Did you know?
Nearly 30%* of the components used in the manufacture of tyres produced by the Michelin Group are already made from natural, recycled or otherwise sustainable raw materials.
The Michelin Group have announced its commitment to making its tyres 100% sustainable by 2050.
A Michelin tyre is a high-tech product comprising more than 200 ingredients. The main one is natural rubber, but the many ingredients also include synthetic rubber, metal, fibers and components that strengthen a tyre’s structure, like carbon black, silica and plasticizers (resins, etc.). Incorporated in perfect proportions, these materials interact to deliver an optimal balance of performance, driveability and safety, while steadily reducing the tyre’s environmental impact.
Michelin reveals how to make a tyre 100% sustainable
Michelin is committed to ensuring that all tyre components are ultimately sustainable. To achieve this, Michelin is leveraging its advanced technological maturity in high-tech materials and its own technology incubator.
Michelin has also undertaken to use as little material as possible in its tyres in order to maximize performance and efficiency. The aim is to limit the impact of tyres on the planet’s resources and improve their rolling resistance, thereby lowering CO2 emissions.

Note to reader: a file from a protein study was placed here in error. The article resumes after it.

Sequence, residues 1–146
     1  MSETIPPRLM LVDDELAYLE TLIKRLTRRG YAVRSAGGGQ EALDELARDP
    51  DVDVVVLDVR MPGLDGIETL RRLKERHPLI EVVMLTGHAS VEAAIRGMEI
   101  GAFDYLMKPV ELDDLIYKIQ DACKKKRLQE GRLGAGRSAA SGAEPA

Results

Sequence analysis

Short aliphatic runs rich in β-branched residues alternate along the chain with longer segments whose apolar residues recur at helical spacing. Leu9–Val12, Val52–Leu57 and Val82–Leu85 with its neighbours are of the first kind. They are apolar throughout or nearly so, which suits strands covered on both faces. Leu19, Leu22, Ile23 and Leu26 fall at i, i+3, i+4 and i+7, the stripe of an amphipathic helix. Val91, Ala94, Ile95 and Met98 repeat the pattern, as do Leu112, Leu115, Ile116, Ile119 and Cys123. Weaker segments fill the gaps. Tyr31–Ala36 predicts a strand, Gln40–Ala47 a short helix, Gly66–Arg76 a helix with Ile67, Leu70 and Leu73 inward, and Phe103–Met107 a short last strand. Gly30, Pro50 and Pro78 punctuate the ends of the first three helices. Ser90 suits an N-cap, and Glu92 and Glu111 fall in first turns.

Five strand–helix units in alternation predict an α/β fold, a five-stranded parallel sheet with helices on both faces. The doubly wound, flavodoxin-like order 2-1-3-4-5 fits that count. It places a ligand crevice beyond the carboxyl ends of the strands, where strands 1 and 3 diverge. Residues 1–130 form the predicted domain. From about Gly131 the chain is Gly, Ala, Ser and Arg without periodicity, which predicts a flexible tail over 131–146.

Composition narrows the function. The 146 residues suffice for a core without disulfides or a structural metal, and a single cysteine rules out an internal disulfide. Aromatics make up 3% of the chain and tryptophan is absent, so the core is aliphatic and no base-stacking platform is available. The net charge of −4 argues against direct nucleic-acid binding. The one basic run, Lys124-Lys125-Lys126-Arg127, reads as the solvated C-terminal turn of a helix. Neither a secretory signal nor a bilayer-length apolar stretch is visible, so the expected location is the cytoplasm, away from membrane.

An objective being met with powerful R&D capabilities….
Michelin’s maturity in materials technology stems from the strength of its R&D capabilities, which are supported by 6,000 people working in seven research and development centers around the world and mastering 350 areas of expertise. The commitment of these engineers, researchers, chemists and developers has led to the filing of 10,000 patents covering tyre design and manufacturing. They work hard every day to find the recipes that will improve tyre safety, durability, ride and other performance features, while helping to make them 100% sustainable by 2050.
We will keep you updated on Michelin’s progress and look forward to seeing Michelin achieve their goal of 100% sustainable tyres by 2050.